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Vivaswan Kumar, April 02, 2009
Historians agree that ´Madhesh´ is a morphological derivative of Madhyadesh (Sanskrit for ´the Middle Country´) or Majjhimadesh (Pali for ´the Middle Country´) and means the same — ´the Middle Country´.

The region of Madhyadesh has been well defined in ancient texts. For example, Manusmirti (circa 1500 BC, 2/21) defines Madhyadesh region as vast plains between Himalaya and Vindhya mountains and to the east of the river Vinasana (invisible Saraswati) and to the west of Prayag.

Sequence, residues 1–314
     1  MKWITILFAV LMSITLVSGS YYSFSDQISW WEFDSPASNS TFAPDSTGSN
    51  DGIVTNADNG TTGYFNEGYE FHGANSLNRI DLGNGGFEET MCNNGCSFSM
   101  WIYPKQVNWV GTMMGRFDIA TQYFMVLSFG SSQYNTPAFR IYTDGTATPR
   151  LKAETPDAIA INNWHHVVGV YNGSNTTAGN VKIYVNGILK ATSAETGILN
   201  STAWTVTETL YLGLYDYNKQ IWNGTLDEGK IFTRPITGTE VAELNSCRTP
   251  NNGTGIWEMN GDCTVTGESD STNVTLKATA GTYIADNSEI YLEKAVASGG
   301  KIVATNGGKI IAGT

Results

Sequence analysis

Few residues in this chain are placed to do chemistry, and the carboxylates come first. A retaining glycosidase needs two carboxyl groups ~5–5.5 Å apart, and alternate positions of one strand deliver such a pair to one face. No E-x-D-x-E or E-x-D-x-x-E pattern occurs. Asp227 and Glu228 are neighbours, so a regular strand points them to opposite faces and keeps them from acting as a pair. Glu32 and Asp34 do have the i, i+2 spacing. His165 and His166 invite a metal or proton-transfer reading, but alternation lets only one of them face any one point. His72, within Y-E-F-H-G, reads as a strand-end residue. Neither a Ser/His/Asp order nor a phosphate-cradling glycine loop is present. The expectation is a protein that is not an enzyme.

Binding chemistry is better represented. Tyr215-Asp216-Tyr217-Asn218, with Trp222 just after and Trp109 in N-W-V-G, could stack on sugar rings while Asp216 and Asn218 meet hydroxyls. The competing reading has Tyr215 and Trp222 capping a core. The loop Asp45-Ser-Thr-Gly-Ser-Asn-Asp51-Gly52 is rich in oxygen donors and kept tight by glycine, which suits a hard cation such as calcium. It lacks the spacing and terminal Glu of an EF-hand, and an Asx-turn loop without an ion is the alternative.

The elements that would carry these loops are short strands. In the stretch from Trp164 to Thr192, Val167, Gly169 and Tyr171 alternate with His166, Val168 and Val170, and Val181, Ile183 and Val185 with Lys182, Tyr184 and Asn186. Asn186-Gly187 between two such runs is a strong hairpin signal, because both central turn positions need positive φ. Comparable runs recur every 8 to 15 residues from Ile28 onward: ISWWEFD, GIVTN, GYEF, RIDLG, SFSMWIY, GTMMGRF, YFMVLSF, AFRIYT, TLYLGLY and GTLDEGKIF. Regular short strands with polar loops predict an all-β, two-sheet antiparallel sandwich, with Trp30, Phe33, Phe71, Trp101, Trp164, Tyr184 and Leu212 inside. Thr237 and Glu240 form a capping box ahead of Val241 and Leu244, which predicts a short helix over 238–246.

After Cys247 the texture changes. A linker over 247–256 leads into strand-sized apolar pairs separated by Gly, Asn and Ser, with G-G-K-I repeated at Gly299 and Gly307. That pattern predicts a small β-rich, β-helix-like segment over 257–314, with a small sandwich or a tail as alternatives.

Around 500 BC, at the time of Buddha, Buddhist texts calls this ´Middle Country´ Majjhimadesh in Pali language and defines the region in canonical texts Vinaya Pitaka as extended “in the east to the town of Kajangala, beyond which was Mahāsāla; on the south-east to the river Salalavatī; on the south west to the town of Satakannika; on the west to the Brahmin village of Thūna; on the north to the Usiraddhaja Mountain.” At the time of Buddha, the eastern limit of the Middle Country had extended nearly 400 miles eastward of Prayaga which was its eastern most point in Manu’s time (Bhandarkar, 1918). According to Pali Canon, the Middle Country was “three hundred yojanas in length, two hundred and fifty in breadth, and nine hundred in circumference”. It contained fourteen of the sixteen Mahājanapadas (Kāsī, Kosala, Anga, Magadha, Vajji, Mallā, Cetiya, Vamsā, Kuru, Pañcāla, Macchā, Sūrasena, Assaka, Avantī). This land of the Middle country was ruled by several great dynasties in ancient and medieval times.